From understanding the proper mulch to use to planting your seeds at the right time of the year, the best way that you’ll ever become an organic gardener is to learn some great tactics on how to grow. Hopefully, the tips you’re about to read in this article will turn you on to the world of organics and help you to develop a green thumb.
To keep air flowing through your compost pile, stand a large PVC pipe with punched holes in the center of your pile so the air flows up and down the pipe, and then through the holes directly into the pile. The air movement helps your soil decomposers create the heat needed to jumpstart the decay process.
Take steps to protect earthworms in your organic garden. Till your soil minimally, as tilling can kill earthworms. The best tilling depth is 3 to 5 inches. Avoid using chemical fertilizers because they harm the micro-organisms in the soil, decreasing earthworm activity. Be sure that the soil never dries out too much, but at the same time avoid over-watering. By maintaining these soil conditions, you will notice your earthworm population increasing rapidly!
Calculate how much water your plants truly need. Thinner plants generally need more water; they contain larger surface area with less capacity to store water. Plants with large, thick waxy leaves are often more suited for water-starved environments. Over-watering may also cause problems with the plant due to microbial growth on their roots.
Use soap on your plants. Not much is worse than a bad aphid infestation. Your plants will look terrible, and eventually die, if the bugs continue to work on your plants. To get rid of them now, fill a spray bottle with dish soap and water. Spray thoroughly, and repeat as needed.
When beginning your own organic garden, you should always make sure you moisten your mix that is in the containers before you sow the seeds. If your mix is not moist, it will dry out. This could cause your plant to die before it is given a chance to grow.
Use organic mulch. Any material that is spread over the soil is considered mulch. It helps to keep weeds at bay, holds moisture in the soil, and keeps the ground cool in summer and warm in winter. Examples of mulch include compost, shredded leaves, fine wood chips, straw and grass clippings.
When you are thinking about starting an organic garden, figure out a plan. Creating a plan for where you want to place each plant will be time saving. If you have a short amount of time that can be spent in your garden, having a plan could help you make the most out of that time.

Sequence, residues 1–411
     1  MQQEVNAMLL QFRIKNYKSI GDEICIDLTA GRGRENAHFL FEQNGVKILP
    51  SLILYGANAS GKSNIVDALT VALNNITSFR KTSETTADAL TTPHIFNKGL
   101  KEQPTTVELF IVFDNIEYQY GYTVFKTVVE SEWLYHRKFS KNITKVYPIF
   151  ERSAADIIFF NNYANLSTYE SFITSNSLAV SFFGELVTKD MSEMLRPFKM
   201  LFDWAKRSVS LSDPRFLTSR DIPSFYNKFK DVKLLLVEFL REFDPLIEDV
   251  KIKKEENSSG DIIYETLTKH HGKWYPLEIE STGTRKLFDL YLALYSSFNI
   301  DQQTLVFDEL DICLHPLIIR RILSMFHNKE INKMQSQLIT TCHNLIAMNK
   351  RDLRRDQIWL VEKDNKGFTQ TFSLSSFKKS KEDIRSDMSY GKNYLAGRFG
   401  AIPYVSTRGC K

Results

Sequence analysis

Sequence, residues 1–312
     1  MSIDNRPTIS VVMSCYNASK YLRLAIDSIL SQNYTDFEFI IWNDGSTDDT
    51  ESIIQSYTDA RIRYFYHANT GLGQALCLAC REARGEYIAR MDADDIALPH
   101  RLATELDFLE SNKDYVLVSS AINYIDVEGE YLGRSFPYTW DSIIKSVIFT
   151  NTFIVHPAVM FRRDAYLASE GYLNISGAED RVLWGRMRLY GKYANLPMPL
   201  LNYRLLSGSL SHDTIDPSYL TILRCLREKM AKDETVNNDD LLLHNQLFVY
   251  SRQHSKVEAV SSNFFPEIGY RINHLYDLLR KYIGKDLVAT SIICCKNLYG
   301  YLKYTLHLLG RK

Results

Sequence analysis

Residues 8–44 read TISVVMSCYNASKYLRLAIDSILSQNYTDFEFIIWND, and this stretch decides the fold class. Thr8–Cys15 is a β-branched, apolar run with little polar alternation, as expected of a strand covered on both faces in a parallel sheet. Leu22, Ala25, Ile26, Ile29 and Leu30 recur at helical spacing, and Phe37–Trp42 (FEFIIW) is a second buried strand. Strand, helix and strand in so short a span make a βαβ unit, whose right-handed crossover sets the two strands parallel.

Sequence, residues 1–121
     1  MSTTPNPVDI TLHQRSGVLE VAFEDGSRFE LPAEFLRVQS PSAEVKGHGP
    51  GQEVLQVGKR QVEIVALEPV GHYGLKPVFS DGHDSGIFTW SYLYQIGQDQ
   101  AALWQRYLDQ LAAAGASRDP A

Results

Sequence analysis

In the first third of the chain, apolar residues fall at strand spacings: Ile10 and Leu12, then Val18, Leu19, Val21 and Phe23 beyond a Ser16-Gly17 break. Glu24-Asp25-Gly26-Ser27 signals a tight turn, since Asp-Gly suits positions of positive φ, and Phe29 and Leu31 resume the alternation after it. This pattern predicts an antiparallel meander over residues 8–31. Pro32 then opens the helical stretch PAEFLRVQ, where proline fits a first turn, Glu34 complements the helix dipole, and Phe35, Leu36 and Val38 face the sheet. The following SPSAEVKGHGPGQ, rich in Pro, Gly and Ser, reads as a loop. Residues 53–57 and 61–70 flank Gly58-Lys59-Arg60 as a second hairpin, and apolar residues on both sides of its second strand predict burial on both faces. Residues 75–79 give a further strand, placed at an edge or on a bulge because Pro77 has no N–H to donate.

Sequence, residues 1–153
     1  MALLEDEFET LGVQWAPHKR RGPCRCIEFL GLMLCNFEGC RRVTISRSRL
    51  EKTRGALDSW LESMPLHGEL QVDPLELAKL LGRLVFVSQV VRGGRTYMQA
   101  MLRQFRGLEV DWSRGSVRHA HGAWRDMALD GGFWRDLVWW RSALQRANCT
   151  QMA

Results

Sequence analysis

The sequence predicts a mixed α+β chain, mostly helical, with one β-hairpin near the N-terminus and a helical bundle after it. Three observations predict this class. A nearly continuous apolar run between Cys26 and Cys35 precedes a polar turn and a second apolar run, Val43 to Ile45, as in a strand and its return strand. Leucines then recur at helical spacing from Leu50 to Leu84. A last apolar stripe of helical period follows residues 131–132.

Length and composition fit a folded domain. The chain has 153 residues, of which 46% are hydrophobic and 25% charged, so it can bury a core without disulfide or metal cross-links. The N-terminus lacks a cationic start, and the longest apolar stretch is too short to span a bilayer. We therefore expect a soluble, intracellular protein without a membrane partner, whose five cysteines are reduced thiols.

When watering your indoor seeds and seedlings, it is important to keep in mind that how you water is significantly more important than how often. You will only need to water about once a week, but when you do, you want to make certain that only the top two to three inches of soil are moist and damp. You also want to be careful not to water too deep because then they will not be able to grow.
Mulch is necessary for a healthy soil. Mulch can give your soil some additional protection and nourishment. It can also keep the ground from overheating during hot weather, which will protect the roots of your plants from damage. The layer of mulch will also minimize evaporation, reducing your need to water as frequently as you would a garden without mulch. As an added bonus, weed growth will be stunted.
Planting an insectary garden beside your vegetable garden is a natural and effective way to rid your vegetable garden of harmful insects. With the right variety of plants, this garden spot will attract beneficial insects that will kill and eat the harmful ones that eat your vegetables. The insectary can be a separate garden or several small plantings interspersed among the vegetables.
Cultivate your soil to improve the quality of your soil. When you cultivate, or till, your soil, you loosen up parts that may be compacted. Compacted soil does not absorb water well, and it discourages soil micro-organisms from growing in it. When your soil is properly tilled, seeds can thrive and grow.
When starting your organic garden, don’t forget to plant companion plants. Companion plants are like very friendly neighbors. They can enrich the soil and keep pests away from your other plants. By planting them together, you can avoid the use of harmful pesticides or artificial fertilizer products.
There is so much to know about the art and science of organic gardening that you can barely touch the surface by reading even a hundred or more articles. Make sure you refer back to this article if you need a refresher course.